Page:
DIABETES development, particularly Type 2 diabetes mellitus (T2DM), has previously been shown to correlate with sugary drink intake, however a new study has now alluded to the possibility that artificially-sweetened beverages are just as detrimental to our health.
Published by Josefin Löfvenborg, Institute of Environmental Medicine, Karolinska Institutet, Solna, Sweden, and colleagues, this population-based study included 2,874 Swedish adults comprising 1,136 T2DM patients, 357 individuals with latent autoimmune diabetes of adults (LADA, a subtype of T1DM), and 1,137 randomly-selected controls. Results were adjusted for age, sex, family history, lifestyle, diet, and BMI. By analysing self-reported data, the team was able to determine a relative risk of diabetes development with 400 mL soft drink consumption, regardless of whether it was artificially sweetened. With the consumption of ≥2 x 200 mL soft drinks, participants were found to be 2 times and 2.4 times more likely to develop LADA and T2DM, respectively. These risks were dramatically increased in individuals consuming 5 x 200 mL drinks, who were 3.5 and 10.5 times more likely to develop LADA and T2DM, respectively.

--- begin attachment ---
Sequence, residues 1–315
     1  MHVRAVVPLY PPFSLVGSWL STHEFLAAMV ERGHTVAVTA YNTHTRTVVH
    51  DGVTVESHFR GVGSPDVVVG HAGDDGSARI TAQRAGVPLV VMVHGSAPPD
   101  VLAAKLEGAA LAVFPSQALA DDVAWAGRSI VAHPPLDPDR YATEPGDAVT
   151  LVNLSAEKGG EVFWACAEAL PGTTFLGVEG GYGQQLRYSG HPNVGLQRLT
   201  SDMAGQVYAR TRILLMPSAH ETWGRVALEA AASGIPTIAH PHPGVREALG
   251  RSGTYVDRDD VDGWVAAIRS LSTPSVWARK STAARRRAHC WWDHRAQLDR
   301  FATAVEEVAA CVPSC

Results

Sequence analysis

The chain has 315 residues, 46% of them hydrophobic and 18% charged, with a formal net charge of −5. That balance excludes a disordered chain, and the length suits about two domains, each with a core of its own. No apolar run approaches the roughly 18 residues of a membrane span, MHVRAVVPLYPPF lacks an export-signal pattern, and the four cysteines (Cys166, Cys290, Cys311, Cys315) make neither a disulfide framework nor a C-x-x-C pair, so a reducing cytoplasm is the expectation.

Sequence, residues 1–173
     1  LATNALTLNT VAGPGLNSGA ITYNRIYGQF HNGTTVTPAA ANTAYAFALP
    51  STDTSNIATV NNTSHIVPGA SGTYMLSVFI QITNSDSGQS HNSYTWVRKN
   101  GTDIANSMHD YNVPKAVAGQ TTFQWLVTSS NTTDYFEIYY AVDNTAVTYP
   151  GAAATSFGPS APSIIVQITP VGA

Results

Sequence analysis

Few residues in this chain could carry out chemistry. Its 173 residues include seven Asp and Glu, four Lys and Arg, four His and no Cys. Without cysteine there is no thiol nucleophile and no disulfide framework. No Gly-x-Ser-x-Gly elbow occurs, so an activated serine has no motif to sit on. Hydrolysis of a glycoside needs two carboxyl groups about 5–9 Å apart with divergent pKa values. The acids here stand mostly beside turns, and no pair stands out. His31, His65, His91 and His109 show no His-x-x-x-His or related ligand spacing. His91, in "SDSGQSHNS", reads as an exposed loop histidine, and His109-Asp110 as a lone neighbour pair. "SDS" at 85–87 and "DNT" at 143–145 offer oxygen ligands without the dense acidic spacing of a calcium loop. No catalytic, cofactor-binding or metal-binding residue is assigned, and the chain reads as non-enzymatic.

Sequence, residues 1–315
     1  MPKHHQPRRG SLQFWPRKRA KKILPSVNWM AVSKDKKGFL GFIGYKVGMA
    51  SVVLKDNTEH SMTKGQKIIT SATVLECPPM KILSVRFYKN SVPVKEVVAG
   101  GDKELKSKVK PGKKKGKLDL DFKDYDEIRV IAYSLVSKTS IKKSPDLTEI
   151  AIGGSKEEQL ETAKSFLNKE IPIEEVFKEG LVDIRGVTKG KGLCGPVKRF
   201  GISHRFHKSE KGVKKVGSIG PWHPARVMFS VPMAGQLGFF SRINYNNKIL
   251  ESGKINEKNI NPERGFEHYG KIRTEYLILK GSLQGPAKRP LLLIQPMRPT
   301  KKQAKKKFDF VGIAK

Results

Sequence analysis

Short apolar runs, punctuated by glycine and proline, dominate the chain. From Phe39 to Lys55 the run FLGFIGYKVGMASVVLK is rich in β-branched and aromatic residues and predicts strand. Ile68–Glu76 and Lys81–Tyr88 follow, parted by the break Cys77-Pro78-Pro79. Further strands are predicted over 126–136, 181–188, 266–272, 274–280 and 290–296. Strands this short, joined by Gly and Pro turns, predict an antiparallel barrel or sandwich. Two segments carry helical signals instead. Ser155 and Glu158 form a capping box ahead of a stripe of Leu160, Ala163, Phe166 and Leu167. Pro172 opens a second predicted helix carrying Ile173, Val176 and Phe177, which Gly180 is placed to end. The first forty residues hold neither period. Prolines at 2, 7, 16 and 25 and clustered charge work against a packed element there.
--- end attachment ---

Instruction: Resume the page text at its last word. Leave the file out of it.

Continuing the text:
Löfvenborg commented that the increased risk of T2DM from artificially sweetened soft drinks could be caused by the appetite being stimulated, leading to greater food intake through the day. It is also possible that the increased risk is a result of people swapping from sugary soft drinks to artificially sweetened diet drinks, thus suggesting that the results could be based upon previous intake of sugary drinks rather than the artificially sweetened drinks studied.
Although often referred to as a subtype of the autoimmune T1DM, the researchers noted their surprise when reporting on the increase in the risk of LADA development. Emphasising this further, Lexplained: “This could mean that the increased risk of developing LADA in relation to soft drink consumption is not directly caused by the immune response killing beta cells, which is what we see in Type 1 diabetes.” However, because this study was dependent on self-reporting data, for an absolute risk to be calculated further studies will need to be carried out to corroborate the results reflected.